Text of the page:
By Tony Attwood
Why would anyone want to put money into football? Why would the Chinese want Liverpool, the Arabs want Manchester City, and anyone want Leeds United?
The people who have continuously talked about why (although not directly) are the Glazer family who suggest that all will be ok soon because the new internet and media roll out of football. It might not do much for Manchester United but it certainly could save the Glazer family (or so they say).
Football in modern times has been about endlessly finding new sources of income. In the old days there was only one source of income – the gate money. I doubt that Arsenal’s books in 1919 looked much different from their books in 1959 – income from matches, outgoings the wages and the ground.
But then along came TV, and there was a rush to grow the income and everyone thought it was wonderful. Except that all these growth scenarios have a way of coming to an end – and because by then the clubs have all built their business on growth, they get desperate to find the new source of cash. (And because most clubs are run by the Silly Gang, they always think each one will last forever, and costs will never catch up.)
Just think how it has gone:
1: The Cup Final on TV and that was your lot.
2: Match of the Day and that funny programme they had on ITV.
3: Live football instead of recorded highlights, but with only BBC and ITV to bid for it, the income stayed low.
4: Lots and lots of live football – because Sky was in the scene – initially with analogue and then with digital. This is the latest source of revenue to reach the top of the mountain at just under £600m a year for the EPL.
5: International television rights still shooting up and now at £460m. In the UK watching overseas football has never been big time (Channel 4 started it showing Italian TV, now the Italians can hardly give their rights away, and with Spain becoming a pale imitation of Scotland, the interest there has gone too). But the EPL is on the up, and it might well go on rising – but again there will be a limit.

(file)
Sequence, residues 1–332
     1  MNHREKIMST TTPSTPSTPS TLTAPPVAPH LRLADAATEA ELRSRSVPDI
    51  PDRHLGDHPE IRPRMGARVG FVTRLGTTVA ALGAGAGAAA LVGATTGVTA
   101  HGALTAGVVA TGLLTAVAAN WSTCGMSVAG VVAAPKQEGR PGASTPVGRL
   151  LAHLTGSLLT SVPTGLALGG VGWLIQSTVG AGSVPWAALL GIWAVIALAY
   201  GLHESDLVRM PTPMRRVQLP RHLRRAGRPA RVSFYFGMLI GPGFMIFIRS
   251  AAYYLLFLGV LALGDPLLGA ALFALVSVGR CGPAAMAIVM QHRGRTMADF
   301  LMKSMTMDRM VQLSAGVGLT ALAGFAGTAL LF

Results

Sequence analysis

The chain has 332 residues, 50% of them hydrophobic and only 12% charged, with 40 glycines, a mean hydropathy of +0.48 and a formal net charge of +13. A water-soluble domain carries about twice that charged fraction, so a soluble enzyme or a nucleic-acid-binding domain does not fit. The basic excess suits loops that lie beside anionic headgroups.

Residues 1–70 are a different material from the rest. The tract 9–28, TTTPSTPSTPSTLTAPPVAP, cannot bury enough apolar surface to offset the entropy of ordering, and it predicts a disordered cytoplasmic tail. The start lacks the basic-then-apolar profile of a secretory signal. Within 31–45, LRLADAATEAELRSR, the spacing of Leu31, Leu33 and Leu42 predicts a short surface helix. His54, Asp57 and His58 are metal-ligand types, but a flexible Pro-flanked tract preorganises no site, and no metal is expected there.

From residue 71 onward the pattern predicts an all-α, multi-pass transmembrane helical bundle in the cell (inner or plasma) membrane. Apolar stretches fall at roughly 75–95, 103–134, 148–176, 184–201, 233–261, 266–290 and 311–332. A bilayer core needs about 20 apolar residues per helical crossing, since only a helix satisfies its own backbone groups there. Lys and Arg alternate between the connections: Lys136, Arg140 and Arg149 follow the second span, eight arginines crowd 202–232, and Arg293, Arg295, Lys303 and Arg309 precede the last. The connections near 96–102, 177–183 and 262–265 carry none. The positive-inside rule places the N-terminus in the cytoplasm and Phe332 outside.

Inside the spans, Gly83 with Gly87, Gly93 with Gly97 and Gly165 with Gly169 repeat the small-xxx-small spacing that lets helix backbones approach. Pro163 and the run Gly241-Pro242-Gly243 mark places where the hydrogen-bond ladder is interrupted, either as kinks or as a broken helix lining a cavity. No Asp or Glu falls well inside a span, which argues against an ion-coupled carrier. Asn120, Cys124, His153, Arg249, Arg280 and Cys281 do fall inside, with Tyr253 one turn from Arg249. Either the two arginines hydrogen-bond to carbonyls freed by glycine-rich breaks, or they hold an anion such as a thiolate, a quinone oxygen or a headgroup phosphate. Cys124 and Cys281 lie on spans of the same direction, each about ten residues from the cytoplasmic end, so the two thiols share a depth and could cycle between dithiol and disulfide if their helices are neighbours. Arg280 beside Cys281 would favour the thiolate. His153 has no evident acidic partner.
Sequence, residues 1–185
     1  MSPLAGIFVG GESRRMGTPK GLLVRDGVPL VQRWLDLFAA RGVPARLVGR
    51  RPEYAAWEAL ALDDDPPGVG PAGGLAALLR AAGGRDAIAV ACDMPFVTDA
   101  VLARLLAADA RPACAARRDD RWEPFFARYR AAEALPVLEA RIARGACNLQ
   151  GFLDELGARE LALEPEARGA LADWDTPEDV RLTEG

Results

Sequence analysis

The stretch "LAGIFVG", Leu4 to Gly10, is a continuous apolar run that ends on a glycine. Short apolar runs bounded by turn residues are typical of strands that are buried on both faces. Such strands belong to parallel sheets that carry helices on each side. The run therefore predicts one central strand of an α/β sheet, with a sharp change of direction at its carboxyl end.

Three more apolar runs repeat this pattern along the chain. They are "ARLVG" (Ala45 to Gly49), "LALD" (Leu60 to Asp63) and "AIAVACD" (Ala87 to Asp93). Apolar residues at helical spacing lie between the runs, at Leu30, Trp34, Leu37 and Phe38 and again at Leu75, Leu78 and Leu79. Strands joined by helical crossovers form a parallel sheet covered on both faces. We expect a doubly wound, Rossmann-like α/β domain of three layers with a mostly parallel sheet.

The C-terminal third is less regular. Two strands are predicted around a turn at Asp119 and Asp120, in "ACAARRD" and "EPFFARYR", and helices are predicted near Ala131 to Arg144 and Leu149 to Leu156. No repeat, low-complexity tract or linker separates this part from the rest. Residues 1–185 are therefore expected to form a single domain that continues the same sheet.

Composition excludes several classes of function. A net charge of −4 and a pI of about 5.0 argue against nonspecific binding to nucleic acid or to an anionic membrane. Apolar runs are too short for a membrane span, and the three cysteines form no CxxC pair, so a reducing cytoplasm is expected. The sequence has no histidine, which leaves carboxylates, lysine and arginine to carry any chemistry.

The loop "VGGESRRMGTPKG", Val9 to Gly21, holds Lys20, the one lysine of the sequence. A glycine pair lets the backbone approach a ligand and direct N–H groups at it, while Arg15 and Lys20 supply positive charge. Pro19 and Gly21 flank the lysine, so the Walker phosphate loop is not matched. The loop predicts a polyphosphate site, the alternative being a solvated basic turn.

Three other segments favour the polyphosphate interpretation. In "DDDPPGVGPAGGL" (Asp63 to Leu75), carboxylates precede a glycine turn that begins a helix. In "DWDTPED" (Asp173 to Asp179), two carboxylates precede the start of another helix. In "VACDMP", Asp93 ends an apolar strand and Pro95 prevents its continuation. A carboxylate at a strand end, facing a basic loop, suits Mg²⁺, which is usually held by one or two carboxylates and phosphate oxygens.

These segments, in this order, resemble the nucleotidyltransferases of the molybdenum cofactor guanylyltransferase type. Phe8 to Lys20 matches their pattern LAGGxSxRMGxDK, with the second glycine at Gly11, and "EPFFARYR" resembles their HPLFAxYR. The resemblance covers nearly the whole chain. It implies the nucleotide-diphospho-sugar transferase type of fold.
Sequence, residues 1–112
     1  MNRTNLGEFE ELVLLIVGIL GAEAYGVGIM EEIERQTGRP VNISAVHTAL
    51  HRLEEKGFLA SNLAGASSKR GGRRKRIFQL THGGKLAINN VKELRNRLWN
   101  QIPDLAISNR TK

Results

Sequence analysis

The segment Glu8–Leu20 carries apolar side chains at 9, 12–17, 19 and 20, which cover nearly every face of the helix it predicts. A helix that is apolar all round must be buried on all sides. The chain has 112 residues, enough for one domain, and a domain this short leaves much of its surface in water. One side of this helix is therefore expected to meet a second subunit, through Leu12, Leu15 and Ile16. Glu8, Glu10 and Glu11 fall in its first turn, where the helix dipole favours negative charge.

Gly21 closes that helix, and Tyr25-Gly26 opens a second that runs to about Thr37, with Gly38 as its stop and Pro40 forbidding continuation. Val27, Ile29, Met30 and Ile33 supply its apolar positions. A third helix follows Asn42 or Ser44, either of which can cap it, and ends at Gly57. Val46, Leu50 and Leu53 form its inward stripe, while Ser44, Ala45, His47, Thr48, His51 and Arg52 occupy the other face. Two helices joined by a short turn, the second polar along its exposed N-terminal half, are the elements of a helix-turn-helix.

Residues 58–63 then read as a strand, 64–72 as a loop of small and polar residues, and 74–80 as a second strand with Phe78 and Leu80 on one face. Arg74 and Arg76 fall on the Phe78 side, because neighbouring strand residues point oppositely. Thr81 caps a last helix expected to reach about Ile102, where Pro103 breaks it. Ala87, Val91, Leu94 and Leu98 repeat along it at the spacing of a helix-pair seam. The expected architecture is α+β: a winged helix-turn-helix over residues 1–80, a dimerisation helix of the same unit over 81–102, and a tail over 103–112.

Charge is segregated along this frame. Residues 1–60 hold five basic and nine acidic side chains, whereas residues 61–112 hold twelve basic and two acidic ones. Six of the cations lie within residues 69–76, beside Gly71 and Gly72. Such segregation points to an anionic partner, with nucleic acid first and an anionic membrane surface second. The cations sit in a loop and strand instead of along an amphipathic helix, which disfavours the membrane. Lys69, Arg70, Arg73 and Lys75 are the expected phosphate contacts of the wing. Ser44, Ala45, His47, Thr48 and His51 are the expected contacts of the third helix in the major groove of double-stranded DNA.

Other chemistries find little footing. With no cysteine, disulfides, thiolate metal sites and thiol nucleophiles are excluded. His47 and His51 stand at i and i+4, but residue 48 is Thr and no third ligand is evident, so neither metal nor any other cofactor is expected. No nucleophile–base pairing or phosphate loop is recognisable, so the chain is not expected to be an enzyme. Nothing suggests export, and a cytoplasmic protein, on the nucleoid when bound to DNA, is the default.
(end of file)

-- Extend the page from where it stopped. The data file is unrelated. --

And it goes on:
6: Europe. The Champs League has the money as is where everyone wants to be. Without it, you have no income. But, imagine this… supposing the clubs sponsored by benefactors (Man Arab, KGB etc) say, “we don’t really care about the Champs League – the EPL is bigger than the Champs League” and don’t even bother to curtail their buying in order to qualify, then at once the Champs League gets devalued.
7: Matchday income – static or declining for many. Arsenal are one of the few who have managed to push this up to new levels with the Ems, but the Ems is full, so there is nowhere to go, except with more on-site retail.
8: Shirt sales – the way that Real Madrid was supposed to buy C Ronaldo. I can’t work out when shirt sales started, but putting out two or three new shirts every season looks to be the end of the line. Sales can’t go up much more, and once the fashion ends they decline. The notion that a player could be bought by income from shirt sales was so silly, it must have been based on marketing experimentation – as in,
Marketing Director: “I know the punters are cretins, but do you think they are so stupid to go for this story?”
Chairman: “Only one way to find out – let’s try it.”
9: Clubs’ own TV stations – Arsenal have just announced that Arsenal TV is to become Arsenal Media and, according to the blurb that means “different broadcast and media channels. In English, HD broadband. And that is what Stan Kroenke knows about, and why he is there. There’s no point in thinking about take-overs and Kroenke going to 30% ownership – he owns half of Arsenal broadband – and that’s where the club thinks the next round of money is.
We will be offered background programmes in the UK and Ireland via Arsenal Media, and actual games for the rest of the world. Forget the crummy pictures from Austria this summer – this is HD, once the cables are in place.
It starts this season (although not in HD) with a step up in terms of programming but I suspect it would be a mistake to consider whatever is put out this season as anything other than a modest start. “The new Arsenal Media brand reflects the paradigm shift from a traditional television-centric approach, to one that is focused on creating broader, multi-platform content and programme formats that can be effectively delivered and re-appropriated across different broadcast and media channels,” says the blurb. Make of that what you can (and if you have an English translation, please do let me have it).
10: Bang. There is a problem with all this. I love Arsenal, but even when Arsenal TV was on Setanta I only watched it sometimes. I liked the reserve games and occasionally an old match, but not much more. I only have 18 hours a day to play with, and I have books to write, a family to love and enjoy, dances to go to, movies to watch, books to read, friends to visit… There is in fact only one thing missing at the moment in football terms – and that is the away match which is not televised live on Sky. Once I have that, that’s it.
Marketing around the club is huge in the US, and it could be so here, and that is what people are banking on. If it happens Arsenal will be there, worldwide. If not, fortunately we are not dependent on it, and we can go back a step.
Remember, nothing grows forever – just as our friendly high street bankers forget, and then found out, but never had to pay the price for.
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